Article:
Breakfast Impacts Children’s Academic Performance



The old mantra that breakfast is the most important meal of the day has been under fire recently with a number of studies questioning this common acceptance.


However, it would seem that for children at least, its importance is not being exaggerated.

An article published in the journal, “Public Health Nutrition” reported that children who eat breakfast before school achieve higher academic results in comparison to children who do not, with the breakfast eaters having twice the odds of achieving above-average performance when compared to non-eaters.

The research, undertaken at Cardiff University found that eating breakfast correlates with higher academic outcomes. However the content of the breakfast is important. In the study, eating what the researchers termed a “healthy” breakfast made up of cereal, dairy, fruit and bread could improve academic performance, whereas eating an “unhealthy” breakfast including sweets and crisps had no positive impact on test scores.

Hannah Littlecott, lead author of the study, said in a statement:

“While breakfast consumption has been consistently associated with general health outcomes and acute measures of concentration and cognitive function, evidence regarding links to concrete educational outcomes has until now been unclear.”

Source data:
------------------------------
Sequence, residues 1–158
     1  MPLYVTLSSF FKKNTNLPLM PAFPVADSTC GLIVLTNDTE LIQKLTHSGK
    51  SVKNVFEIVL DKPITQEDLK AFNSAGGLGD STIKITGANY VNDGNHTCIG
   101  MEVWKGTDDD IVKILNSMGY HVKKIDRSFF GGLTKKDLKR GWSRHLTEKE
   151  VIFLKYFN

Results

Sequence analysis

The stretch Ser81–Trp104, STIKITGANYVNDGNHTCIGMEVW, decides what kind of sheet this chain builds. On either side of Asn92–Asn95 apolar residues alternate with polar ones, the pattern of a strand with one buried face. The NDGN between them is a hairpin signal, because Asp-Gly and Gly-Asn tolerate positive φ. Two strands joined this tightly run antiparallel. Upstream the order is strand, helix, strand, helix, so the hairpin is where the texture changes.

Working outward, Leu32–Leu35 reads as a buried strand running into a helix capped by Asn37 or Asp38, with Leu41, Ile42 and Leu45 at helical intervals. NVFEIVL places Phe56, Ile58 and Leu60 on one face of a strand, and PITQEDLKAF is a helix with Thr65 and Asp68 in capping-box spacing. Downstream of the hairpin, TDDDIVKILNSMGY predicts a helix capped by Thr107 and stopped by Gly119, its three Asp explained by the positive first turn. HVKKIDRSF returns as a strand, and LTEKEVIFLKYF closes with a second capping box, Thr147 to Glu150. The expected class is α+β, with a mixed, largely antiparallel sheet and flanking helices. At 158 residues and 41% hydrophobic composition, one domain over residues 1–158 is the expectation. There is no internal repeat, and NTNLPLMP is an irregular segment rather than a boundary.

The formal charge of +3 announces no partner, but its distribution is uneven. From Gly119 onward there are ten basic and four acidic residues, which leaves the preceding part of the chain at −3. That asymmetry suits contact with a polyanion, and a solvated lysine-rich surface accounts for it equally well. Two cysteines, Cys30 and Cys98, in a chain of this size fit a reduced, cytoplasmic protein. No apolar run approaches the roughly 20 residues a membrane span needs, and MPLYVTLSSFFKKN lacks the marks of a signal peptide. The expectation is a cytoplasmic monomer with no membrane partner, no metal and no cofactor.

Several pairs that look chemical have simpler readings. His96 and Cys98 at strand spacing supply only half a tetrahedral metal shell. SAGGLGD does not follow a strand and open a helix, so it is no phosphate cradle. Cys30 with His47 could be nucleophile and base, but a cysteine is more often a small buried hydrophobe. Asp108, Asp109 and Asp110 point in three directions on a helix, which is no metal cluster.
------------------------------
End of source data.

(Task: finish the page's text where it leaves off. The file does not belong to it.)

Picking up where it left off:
“This study therefore offers the strongest evidence yet of links between aspects of what pupils eat and how well they do at school”

1 in 5 children reported eating a breakfast comprising of sweets and crisps. This is something to keep in mind if children are not eating breakfast at home and are buying breakfast on the way to school.

Children’s Breakfast Advice:

  • When choosing cereal, try to go for one that contains wholegrain and is lower in salt and sugar.
  • Try to fit in some fruit – fresh, frozen, tinned or dried fruit all count towards 5 daily portions of fruit and veg. Put slices of banana on toast, or add chunks of apple, berries, or dried fruit to cereal.
  • Porridge oats are cheap and contain lots of vitamins, minerals and fibre. Make porridge with milk or water.
  • Eggs are a good source of high quality protein and rich in other nutrients such as B vitamins, vitamin D, selenium and zinc. They are very versatile for breakfast; think poached, boiled and omelettes.
  • Smoothies are an easy way to increase fruit and veg intake. If time is an issue make it the night before and store it in the fridge. Otherwise prepare all the ingredients ready to buzz in a blender in the morning. Use fresh fruit such as banana and strawberries and some plain low-fat yoghurt or lower-fat milk, or puree a few canned apricot halves with some orange juice. Think about adding a handful of spinach or kale to the mix. You could also try adding some wholegrain cereal or oats to your smoothie for extra fibre.
  • Plan ahead to ensure your children are consistently eating a nutritious meal before school each morning.
They might even be top of the class. Not a guarantee though!


More information

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Liam Leech

Associate Nutritionist







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